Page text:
Ralph Waldo Emerson eBook

This eBook from the Gutenberg Project consists of approximately 403 pages of information about Ralph Waldo Emerson.
fermentation just as dearly as he does vegetation; that fermentation develops the saccharine element in the grain, and makes it more palatable and more digestible.  No, they wish the pure wheat, and will die but it shall not ferment.  Stop, dear nature, these innocent advances of thine; let us scotch these ever-rolling wheels!  Others attacked the system of agriculture, the use of animal manures in farming; and the tyranny of man over brute nature; these abuses polluted his food.  The ox must be taken from the plough, and the horse from the cart, the hundred acres of the farm must be spaded, and the man must walk wherever boats and locomotives will not carry him.  Even the insect world was to be defended,—­that had been too long neglected, and a society for the protection of ground-worms, slugs, and mosquitoes was to be incorporated without delay.  With these appeared the adepts of homoeopathy, of hydropathy, of mesmerism, of phrenology, and their wonderful theories of the Christian miracles!”

We have already seen the issue of the famous Brook Farm experiment, which was a practical outcome of the reforming agitation.

Emerson has had the name of being a leader in many movements in which he had very limited confidence, this among others to which the idealizing impulse derived from him lent its force, but for the organization of which he was in no sense responsible.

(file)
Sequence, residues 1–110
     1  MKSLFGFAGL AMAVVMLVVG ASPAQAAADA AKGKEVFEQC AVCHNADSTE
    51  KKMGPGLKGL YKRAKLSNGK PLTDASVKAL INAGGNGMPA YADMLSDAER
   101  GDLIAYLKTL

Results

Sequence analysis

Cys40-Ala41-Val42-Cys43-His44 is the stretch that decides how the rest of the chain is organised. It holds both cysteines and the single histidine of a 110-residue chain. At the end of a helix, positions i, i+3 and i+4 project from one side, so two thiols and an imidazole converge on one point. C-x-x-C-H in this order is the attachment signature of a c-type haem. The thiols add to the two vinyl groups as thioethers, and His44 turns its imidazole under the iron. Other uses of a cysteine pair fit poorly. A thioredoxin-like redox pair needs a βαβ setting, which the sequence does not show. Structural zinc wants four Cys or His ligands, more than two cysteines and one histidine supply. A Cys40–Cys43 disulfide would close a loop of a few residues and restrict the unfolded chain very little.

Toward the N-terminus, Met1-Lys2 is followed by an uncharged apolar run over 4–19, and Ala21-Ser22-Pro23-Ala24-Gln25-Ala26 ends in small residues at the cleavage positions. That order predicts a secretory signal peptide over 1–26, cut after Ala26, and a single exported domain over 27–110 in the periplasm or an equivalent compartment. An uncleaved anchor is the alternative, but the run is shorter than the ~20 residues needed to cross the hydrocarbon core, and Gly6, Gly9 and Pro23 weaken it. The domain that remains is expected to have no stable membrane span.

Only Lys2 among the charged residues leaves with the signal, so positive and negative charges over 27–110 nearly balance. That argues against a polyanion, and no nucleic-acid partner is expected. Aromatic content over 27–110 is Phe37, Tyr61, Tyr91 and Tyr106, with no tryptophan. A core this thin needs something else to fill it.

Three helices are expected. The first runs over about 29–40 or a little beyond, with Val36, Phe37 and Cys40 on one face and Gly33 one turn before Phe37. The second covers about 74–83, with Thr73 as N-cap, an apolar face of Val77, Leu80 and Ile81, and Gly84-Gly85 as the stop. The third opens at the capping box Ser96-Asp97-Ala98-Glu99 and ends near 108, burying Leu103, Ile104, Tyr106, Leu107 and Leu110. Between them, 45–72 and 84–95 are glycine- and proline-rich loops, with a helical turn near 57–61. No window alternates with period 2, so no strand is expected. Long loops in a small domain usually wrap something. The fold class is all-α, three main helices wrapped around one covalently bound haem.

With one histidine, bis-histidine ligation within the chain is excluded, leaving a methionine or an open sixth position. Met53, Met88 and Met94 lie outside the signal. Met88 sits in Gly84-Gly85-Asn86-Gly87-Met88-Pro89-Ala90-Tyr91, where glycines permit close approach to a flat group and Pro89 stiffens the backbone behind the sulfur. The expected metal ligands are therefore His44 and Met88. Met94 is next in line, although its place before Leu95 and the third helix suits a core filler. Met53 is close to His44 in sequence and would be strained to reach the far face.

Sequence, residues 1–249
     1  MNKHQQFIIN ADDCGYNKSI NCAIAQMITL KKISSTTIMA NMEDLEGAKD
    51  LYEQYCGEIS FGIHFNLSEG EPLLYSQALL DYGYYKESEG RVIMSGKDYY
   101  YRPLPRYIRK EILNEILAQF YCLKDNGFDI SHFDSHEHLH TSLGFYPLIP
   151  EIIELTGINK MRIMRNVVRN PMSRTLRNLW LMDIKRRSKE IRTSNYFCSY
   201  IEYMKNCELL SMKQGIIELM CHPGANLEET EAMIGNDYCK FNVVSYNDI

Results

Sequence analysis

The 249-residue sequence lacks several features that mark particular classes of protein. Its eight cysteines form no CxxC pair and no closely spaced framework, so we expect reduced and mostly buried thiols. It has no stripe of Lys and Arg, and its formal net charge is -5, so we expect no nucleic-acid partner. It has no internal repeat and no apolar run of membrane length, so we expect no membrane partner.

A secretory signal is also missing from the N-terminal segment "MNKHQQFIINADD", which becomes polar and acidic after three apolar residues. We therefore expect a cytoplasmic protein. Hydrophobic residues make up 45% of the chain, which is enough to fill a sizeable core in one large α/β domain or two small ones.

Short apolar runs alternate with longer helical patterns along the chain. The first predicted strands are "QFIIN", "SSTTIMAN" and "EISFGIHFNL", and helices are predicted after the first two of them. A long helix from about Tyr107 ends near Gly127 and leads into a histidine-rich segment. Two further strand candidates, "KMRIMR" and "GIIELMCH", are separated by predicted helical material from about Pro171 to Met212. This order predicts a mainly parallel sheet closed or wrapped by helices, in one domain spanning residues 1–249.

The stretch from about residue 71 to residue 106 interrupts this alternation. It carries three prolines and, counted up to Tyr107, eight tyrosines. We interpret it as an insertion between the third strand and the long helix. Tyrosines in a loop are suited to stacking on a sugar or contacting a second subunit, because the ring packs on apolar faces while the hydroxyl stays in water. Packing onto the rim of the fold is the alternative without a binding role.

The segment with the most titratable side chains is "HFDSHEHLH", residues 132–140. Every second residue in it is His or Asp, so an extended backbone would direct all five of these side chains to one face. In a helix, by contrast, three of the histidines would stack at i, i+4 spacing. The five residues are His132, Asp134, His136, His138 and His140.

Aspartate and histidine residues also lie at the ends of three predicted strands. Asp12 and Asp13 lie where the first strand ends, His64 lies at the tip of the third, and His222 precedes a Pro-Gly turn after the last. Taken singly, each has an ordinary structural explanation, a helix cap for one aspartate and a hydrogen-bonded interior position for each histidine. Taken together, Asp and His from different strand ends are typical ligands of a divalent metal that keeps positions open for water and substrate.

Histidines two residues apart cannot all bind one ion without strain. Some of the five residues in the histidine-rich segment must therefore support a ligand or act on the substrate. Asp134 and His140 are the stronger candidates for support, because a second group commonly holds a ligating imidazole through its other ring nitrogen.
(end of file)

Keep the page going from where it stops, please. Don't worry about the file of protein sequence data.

He says in the lecture we are considering:—­

“These new associations are composed of men and women of superior talents and sentiments; yet it may easily be questioned whether such a community will draw, except in its beginnings, the able and the good; whether these who have energy will not prefer their choice of superiority and power in the world to the humble certainties of the association; whether such a retreat does not promise to become an asylum to those who have tried and failed rather than a field to the strong; and whether the members will not necessarily be fractions of men, because each finds that he cannot enter into it without some compromise.”

His sympathies were not allowed to mislead him; he knew human nature too well to believe in a Noah’s ark full of idealists.

All this time he was lecturing for his support, giving courses of lectures in Boston and other cities, and before the country lyceums in and out of New England.

His letters to Carlyle show how painstaking, how methodical, how punctual he was in the business which interested his distant friend.  He was not fond of figures, and it must have cost him a great effort to play the part of an accountant.

He speaks also of receiving a good deal of company in the summer, and that some of this company exacted much time and attention,—­more than he could spare,—­is made evident by his gentle complaints, especially in his poems, which sometimes let out a truth he would hardly have uttered in prose.

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Ralph Waldo Emerson from Project Gutenberg. Public domain.
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